|Period||November 16 2022 – March 2, 2023|
|Venue||Special Exhibition Hall I|
Are you happy now?
Reminiscing on the happy moments in one’s life, and looking back on recent happy memories, can bring a smile to one’s face.
Throughout history, happiness has always been an important part of our lives.
What our ancestors considered the five blessings included: longevity, honor and wealth by way of holding public office, a harmonious and peaceful family life, and fertility.
Embodied in auspicious images is a reflection of the wish for good things to happen. This might be an unfamiliar notion for us today, but wishing for something wonderful to happen often entails an auspicious image.
The exhibition starts with “Part 1. Happiness, Now” by asking the meaning of happiness.
Then in “Part 2. Auspiciousness: Something Wonderful is Going to Happen,” we reflect on the auspicious images that our ancestors revered.
“Part 3. Happiness: Always, Anywhere” shows us that with the changing notion of happiness, happiness can actually be close at hand at anytime.
This exhibition conveys our desire to overcome the harsh and wintry wind that we all have experienced during the COVID-19 pandemic.
We invite visitors to stroll along the paths that people of the past and present have left.
Part 1. Happiness, Now
What is happiness?
Some have their fortunes told and dream of happiness, hoping to ward off evil spirits and invite good fortune.
When humans are united with nature, and when laughter and a genuine sense of connection is shared as a group—in that very moment of unity, you will know happiness.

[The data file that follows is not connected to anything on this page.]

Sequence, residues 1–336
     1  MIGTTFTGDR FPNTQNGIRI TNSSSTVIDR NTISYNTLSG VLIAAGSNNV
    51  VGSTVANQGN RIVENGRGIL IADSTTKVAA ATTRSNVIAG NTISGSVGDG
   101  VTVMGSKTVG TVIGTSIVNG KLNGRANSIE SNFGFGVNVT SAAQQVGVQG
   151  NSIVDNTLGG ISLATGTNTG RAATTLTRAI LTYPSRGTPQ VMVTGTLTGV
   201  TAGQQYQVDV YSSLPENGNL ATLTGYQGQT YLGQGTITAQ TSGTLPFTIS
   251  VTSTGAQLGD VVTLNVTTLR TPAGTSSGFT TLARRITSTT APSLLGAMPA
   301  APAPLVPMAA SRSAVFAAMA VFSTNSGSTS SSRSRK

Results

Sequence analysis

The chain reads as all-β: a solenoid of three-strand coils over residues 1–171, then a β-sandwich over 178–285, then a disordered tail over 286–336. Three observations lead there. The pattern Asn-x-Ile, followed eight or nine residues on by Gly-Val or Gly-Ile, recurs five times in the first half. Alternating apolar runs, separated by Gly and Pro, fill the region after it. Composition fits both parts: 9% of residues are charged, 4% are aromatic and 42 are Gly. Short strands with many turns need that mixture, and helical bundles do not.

Part 2. Auspiciousness: Something Wonderful Is Going to Happen
According to Tongsokpyeon (Book on Popular Customs), the five blessings that people wish for are: longevity, honor, wealth, peace and harmony, and fertility.
To live a long life, to attain honor and wealth by going out into the world, to create a harmonious family, and to have many children—
Perhaps when those wishes are expressed in various auspicious images of animals, plants, natural objects, Chinese characters, and geometric patterns, we can be reminded of them on a daily basis and something wonderful may really happen as a result.
Part 3. Happiness: Always, Anywhere
It is assumed that the word “happiness” became part of the popular Korean vocabulary in the early modern period.
Happiness signifies the state of feeling that conditions are good, and life is satisfying.
Even in the contemporary era, people hope for favorable conditions which can help realize their dreams, such as living a long life free of illness, passing important examinations, living in the splendor of honor and wealth, and the like.
Yet, against this backdrop of people’s genuine wishes, happiness does not last forever and is fleeting.
Perhaps it is time for us to look for the smaller happinesses that we can find all around us—if only we look for them.